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5 Research-Backed Communication Mistakes to Stop Making Now

Communication Mistakes

Communication. It’s crucial—but that doesn’t mean it’s easy.

We communicate all day, every day—email, text, talk. But are we doing so effectively? Possibly not.

Effective and successful communication takes a fair amount of thought, consideration, and elbow grease. And there are a few common mistakes that are all too easy to make. In fact, they’re so easy to make that you might not even realize it’s happening.

So, if you’re looking to kick your communication skills up a few notches (and, honestly, who isn’t?), it’s time to start recognizing and avoiding these communication errors—all identified by research and science—that are only undermining your message.

1. You’re Not Listening

Too often, we hear the word “communication”, and think only of the things that we’re saying. However, it’s important to remember that conversations are a two-way street—which means you should plan on listening at least as much as you’re speaking.

But it can’t just be in one ear and out the other: you need to actively listen to what your conversational partner is telling you.

What’s active listening? It’s made up of three key parts:

  • Paraphrasing: Summarizing what your conversational partner just said, so that you can ensure you’re both on the same page.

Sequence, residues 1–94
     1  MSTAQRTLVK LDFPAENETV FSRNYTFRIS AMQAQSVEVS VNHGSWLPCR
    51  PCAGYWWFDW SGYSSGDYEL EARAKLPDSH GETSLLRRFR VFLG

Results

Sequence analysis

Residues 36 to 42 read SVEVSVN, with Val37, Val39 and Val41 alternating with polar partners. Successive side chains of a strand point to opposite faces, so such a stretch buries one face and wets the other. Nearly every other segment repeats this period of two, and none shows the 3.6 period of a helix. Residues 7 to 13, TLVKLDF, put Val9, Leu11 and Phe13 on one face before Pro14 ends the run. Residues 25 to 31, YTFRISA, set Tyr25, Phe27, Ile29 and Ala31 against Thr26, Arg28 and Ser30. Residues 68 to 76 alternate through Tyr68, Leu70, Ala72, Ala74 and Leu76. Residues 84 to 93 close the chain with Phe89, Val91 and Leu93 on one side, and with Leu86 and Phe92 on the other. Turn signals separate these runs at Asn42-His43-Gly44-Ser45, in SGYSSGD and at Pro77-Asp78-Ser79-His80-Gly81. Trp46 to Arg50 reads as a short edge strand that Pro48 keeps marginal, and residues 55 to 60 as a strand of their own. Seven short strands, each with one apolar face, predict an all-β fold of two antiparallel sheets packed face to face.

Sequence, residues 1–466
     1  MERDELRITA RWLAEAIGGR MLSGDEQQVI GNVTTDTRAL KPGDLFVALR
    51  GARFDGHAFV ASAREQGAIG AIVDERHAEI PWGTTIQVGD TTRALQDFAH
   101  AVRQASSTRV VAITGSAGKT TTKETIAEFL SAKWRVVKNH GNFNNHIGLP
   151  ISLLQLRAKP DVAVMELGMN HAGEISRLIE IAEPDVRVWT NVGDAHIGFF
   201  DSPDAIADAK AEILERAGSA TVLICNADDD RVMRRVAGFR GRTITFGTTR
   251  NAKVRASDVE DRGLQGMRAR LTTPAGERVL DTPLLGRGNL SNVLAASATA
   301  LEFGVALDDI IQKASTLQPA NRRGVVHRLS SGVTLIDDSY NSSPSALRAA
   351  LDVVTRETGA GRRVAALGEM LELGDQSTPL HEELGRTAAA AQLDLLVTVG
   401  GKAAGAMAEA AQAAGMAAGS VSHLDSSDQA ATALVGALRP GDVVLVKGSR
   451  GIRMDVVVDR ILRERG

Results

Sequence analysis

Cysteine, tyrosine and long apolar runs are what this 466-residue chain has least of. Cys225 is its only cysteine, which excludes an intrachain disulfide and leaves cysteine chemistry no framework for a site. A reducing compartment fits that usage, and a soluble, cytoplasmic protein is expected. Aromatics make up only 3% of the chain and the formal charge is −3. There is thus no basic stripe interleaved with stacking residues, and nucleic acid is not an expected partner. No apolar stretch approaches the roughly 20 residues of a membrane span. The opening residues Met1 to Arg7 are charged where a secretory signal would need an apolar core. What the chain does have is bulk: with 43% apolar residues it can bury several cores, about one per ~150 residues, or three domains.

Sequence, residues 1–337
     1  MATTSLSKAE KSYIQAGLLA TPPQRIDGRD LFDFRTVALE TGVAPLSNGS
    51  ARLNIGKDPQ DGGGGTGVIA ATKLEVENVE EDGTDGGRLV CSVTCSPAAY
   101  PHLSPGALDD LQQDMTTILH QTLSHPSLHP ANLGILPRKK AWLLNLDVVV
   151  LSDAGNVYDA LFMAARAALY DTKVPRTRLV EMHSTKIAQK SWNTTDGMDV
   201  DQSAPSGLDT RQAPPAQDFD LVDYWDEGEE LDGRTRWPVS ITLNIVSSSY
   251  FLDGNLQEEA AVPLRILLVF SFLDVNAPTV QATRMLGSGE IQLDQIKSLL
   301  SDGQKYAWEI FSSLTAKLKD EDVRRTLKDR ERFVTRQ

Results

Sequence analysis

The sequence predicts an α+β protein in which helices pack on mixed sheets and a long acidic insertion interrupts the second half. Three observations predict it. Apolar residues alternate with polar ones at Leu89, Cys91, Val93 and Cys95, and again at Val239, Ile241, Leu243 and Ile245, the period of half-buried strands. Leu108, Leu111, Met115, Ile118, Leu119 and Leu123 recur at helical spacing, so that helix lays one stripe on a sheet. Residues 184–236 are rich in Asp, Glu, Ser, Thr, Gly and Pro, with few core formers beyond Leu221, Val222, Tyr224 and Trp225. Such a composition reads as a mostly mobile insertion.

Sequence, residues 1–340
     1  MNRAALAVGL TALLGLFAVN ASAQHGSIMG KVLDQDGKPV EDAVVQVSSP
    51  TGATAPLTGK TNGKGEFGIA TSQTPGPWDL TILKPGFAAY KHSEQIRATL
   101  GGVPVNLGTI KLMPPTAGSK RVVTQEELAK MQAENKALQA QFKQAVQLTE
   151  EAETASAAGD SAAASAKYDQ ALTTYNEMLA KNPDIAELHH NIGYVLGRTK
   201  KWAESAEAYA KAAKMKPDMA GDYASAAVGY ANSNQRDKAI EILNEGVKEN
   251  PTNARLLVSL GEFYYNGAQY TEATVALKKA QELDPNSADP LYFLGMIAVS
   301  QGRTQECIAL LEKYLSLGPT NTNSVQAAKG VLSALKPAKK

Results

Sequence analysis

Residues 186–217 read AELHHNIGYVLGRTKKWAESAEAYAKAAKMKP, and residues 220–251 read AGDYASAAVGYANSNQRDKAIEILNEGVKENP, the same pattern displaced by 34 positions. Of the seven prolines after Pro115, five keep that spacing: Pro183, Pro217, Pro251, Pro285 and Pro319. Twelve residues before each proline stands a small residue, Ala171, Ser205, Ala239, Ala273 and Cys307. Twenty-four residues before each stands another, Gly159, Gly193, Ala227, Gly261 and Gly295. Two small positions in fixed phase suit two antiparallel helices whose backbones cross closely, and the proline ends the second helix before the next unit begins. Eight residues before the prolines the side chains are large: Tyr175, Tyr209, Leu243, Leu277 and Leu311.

• Inquiry: Asking questions to gather more information and demonstrate that you’re interested.
  • Acknowledgement: Recognizing that the other person is speaking through affirmative gestures such as nodding.

It’s pretty simple to do, and actively listening in this way can make a big difference in how you’re perceived as a communicator. Studies show that the more interested you appear, the more likely your conversational partner is to seek you out for further conversations and interactions.

Basically, being a great listener means you’ll be well-liked.

2. You’re Never Changing

Communication isn’t set in stone. It changes and adapts based on your audience, your message, and even the context you’re speaking in.

But, all too often, we fail to adjust our communication—we just keep doing the same thing over and over again, only to wonder why we aren’t getting a different result. If you’ve ever sent three of the same “Just following up!” emails to an unresponsive recipient, you know what we’re talking about.

So recognizing when you need to tweak your communication style is important. Take the UK tax authority, Her Majesty’s Revenue and Customs (HMRC), as an example. They sent a letter that looked like this to delinquent taxpayers for many years:

We are writing to inform you that we have still not received your tax payment of £5,000. It is imperative that you contact us.

The results? Not great. In fact, it cost them tens of millions of pounds each year—because it simply didn’t inspire those delinquent payers to send in their cash.

But then a team of behavioral scientists from the UK government stepped in and drafted a new letter. Their version looked a little something like this:

We are writing to inform you that we have still not received your tax payment of £5,000. By now, 9 out of 10 people in your town have paid their taxes. It is imperative that you contact us.

In response to that letter, the money came rolling in. Well, maybe not rolling in—but, it was a heck of a lot more effective than that first letter, all because of one small addition that matched recipients up against their peers.